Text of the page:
Dengue is a flavivirus transmitted by Aedes mosquito. They are tiny mosquitoes that feast on people during the daytime (first 2-3 hours after dawn and mid-late afternoon but all day on cloudy days). Symptoms usually occur within 4-7 days with sudden onset of high fever, severe muscle and joint pain (“breakbone fever”), eye socket pain, nausea, vomiting and generalized weakness. Average duration is 6 days. There is no present vaccine (being developed) or cure.

Chikungunya is an arbovirus transmitted by Aedes mosquito (daytime biter). It is often confused with Dengue. Incubation is 2-3 days. Onset is sudden with fever and joint pain that can be severe. Many joints are affected and it may migrate. Other features include headache, muscle pain, weakness, chills, and gastrointestinal symptoms. Most patients recover from the acute illness within 7-10 days. After 1 year more than 20% of patients still suffer recurrent joint pains. Symptoms can persist for 6 months or longer, especially in older patients, and can be disabling. There is no vaccine and limited treatments.

Zika is another flavivirus disease transmitted by the Aedes mosquito with only 1 in 5 being symptomatic. Flu-like symptoms are the norm and are confused with Chikungunya or Dengue. The concern comes from the potential association with pregnancy and congenital microcephaly.

Your best defense is to be aware of the limited risk and take appropriate anti-mosquito measures. These include avoiding being out between dusk to dawn (malaria), wearing long-sleeved light-coloured shirts and long pants, avoiding scented perfumes/shampoos/body lotions, and most importantly, using DEET insect repellents. Most resorts will have air-conditioned, screened rooms so the risk of being bitten by mosquitoes at night is minimized. If this is not the case then permethrin-treated bed nets are essential. The daytime biting Aedes mosquitoes pose a challenge in that you must protect yourself during the daytime. Get in the habit of applying SP30 sunscreen first, wait 15-20 minutes then apply DEET (Deep Wood Off 25% or Muskol 30% - lasts 4-6 hrs.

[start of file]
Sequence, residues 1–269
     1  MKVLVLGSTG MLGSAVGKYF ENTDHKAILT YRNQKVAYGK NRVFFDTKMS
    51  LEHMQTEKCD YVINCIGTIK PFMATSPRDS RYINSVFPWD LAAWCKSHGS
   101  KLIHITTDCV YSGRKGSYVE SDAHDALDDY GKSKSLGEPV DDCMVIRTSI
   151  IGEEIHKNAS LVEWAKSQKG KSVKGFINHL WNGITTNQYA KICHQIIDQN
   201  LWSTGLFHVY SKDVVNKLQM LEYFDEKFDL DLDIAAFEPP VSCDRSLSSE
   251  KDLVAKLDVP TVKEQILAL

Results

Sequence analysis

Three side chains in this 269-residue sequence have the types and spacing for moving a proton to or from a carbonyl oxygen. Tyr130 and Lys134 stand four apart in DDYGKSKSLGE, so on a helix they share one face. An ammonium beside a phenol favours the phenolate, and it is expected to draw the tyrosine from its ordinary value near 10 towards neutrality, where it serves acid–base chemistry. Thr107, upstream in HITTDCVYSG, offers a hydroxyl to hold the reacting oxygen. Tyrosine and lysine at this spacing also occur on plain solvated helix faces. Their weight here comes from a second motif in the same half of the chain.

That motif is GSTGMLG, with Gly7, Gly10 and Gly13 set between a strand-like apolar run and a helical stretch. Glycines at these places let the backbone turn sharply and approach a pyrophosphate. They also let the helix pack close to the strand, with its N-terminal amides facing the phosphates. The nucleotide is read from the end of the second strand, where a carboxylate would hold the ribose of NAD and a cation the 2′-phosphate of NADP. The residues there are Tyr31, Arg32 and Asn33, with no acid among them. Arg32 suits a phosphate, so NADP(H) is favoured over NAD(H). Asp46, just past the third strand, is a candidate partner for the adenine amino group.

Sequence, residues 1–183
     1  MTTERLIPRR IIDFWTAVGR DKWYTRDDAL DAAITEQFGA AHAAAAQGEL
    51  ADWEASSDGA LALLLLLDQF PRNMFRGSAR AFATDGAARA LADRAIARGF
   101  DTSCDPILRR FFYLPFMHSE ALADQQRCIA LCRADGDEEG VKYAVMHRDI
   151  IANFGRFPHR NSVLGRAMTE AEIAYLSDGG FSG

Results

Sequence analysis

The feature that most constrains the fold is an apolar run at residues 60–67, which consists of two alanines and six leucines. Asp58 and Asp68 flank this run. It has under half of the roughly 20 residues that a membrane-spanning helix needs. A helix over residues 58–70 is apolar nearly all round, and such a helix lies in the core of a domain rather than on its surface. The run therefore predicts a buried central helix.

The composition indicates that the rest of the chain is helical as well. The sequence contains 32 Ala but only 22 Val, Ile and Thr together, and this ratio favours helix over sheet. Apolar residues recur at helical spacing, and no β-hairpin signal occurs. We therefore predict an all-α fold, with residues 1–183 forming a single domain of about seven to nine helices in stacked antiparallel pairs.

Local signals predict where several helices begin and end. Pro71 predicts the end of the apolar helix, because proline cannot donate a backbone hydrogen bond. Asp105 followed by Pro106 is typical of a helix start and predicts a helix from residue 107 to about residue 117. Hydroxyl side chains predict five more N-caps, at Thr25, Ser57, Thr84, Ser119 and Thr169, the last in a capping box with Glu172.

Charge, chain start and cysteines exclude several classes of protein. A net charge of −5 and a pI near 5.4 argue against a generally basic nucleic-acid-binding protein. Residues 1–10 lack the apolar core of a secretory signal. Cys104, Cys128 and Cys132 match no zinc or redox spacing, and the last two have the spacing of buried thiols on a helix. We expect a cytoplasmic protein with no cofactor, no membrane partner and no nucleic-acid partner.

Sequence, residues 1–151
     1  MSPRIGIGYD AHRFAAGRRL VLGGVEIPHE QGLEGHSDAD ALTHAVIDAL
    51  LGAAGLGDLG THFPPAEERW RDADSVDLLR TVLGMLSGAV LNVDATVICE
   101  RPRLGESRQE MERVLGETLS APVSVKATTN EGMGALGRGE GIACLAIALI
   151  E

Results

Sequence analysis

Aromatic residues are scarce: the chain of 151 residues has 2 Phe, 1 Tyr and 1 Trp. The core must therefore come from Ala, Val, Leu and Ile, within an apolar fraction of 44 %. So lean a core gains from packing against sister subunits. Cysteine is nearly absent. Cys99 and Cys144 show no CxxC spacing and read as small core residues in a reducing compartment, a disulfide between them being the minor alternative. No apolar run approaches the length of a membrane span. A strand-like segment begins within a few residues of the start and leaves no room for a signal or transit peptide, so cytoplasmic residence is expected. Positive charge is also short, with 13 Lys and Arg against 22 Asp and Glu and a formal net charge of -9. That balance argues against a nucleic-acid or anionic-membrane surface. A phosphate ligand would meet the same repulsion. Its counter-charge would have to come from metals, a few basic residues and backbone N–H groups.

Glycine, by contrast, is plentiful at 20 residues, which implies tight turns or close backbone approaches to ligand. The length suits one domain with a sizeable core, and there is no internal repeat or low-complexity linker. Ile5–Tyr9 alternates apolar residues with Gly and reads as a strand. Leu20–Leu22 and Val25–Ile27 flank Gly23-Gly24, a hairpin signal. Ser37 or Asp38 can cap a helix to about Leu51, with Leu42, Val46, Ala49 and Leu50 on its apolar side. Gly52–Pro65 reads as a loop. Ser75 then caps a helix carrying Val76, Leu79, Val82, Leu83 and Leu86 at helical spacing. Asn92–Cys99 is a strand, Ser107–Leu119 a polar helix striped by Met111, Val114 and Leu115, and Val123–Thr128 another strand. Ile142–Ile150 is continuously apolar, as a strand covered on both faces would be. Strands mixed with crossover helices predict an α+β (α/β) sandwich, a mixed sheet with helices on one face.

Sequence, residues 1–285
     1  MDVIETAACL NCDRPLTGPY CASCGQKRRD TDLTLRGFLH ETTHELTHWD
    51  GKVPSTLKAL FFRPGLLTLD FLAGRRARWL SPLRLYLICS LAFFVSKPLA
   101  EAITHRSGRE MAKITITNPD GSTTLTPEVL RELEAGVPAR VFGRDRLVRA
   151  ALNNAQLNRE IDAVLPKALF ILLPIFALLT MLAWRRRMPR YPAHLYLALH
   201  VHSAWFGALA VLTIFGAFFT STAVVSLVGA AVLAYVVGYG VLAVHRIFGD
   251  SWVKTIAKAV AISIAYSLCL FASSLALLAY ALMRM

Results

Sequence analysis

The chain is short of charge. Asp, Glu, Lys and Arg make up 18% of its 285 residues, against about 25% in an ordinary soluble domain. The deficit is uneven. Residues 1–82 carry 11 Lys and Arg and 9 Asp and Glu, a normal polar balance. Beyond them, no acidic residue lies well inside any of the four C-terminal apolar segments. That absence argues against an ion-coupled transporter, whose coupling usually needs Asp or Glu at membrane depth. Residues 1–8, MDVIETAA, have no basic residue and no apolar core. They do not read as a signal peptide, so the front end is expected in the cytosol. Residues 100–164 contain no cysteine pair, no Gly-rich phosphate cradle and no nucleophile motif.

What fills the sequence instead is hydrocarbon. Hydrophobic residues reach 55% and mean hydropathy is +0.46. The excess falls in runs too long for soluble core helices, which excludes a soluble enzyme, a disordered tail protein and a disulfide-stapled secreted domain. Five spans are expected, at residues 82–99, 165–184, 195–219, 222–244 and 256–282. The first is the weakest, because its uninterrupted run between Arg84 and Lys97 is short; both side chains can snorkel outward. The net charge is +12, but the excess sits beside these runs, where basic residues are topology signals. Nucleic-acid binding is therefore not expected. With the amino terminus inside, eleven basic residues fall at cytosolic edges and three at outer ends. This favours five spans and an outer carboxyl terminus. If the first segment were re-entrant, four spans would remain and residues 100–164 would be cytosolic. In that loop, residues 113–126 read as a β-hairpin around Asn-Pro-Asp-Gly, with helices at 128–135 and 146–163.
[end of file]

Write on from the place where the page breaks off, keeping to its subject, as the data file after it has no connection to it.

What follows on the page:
Other Considerations

Tetanus/Diphtheria: should be updated every 10 years for all travellers.

Pertussis: “whooping cough” – making a serious comeback in Canada in recent years – can be given together with tetanus/diphtheria booster (covered by Public Health)

Flu shot: recommended for the simple fact that someone in the airport or on the flight may have influenza and will potentially infect you and spoil your vacation.

Hepatitis B: transmitted by close contact – saliva, body fluids, blood, etc. If you engage in high risk behaviour then it is recommended but such things as poor medical care or dirty spa equipment may be a potential risk. Vaccine is lifelong but must be started at least one month (ideally 2 months) before you go. Younger travellers (less than 35 y/o from Ontario have usually been offered these shots in grade 7).

Rabies: stay away from all animals; especially stray dogs - a potential rabies threat. I have seen many ‘good Samaritans’ trying to save emaciated stray dogs unaware of the risk of contracting rabies. Generally stay clear of all animals in poor countries. Finding the vaccine in developing countries will be a considerable challenge.

Motor Vehicle Accidents: a leading cause of prematurely terminated holidays. Remember that driving in a developing country is a whole different "sport" full of unimaginable hazards e.g. aggressive drivers, un-roadworthy cars, goats crossing the road, poor roads, etc.

Assault/Rape/Robbery: tourists in "holiday" mode may be unaware of potentially dangerous situations. Inability to understand the language, ignorance of local customs/conditions, and general naivete can lead to potentially disasterous results.

Poor Medical Care: vacationers rarely consider the possibility of getting ill or injured. The reality is that up to 10-15% of travellers may end up seeking medical care, which poses many potential hazards. Poor hygiene techniques, lack of medical supplies, expired medications and vaccines, and generally substandard medical care, are all legitimate factors that can lead to a poor outcome. Best medical advice is to simply avoid getting sick or injured!

Remember that a safe trip is a happy trip. Enjoy your vacation but be smart!

Prepared by: John O. Lee, M.D., C.C.F.P., F.C.F.P., Certificate in Travel Medicine